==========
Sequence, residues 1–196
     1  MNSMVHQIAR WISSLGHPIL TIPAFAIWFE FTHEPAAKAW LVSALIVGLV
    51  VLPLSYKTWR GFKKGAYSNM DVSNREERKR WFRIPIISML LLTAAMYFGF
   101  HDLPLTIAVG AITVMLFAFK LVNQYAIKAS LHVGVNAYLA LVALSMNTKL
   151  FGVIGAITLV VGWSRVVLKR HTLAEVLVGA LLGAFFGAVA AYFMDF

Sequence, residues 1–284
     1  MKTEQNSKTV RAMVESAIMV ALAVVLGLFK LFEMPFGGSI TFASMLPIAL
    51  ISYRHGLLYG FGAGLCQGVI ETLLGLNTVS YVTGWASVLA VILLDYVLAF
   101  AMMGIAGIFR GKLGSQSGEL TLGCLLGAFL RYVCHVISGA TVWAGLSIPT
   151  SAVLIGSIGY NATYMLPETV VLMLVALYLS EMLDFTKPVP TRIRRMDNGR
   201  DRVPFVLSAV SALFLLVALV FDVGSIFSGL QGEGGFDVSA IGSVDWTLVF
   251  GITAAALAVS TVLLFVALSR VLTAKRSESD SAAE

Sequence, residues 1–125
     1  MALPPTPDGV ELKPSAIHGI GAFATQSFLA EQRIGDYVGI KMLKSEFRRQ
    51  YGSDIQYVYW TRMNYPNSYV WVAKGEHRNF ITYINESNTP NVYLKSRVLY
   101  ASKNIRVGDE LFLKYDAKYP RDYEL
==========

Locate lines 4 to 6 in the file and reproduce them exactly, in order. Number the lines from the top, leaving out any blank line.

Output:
   101  HDLPLTIAVG AITVMLFAFK LVNQYAIKAS LHVGVNAYLA LVALSMNTKL
   151  FGVIGAITLV VGWSRVVLKR HTLAEVLVGA LLGAFFGAVA AYFMDF

Sequence, residues 1–284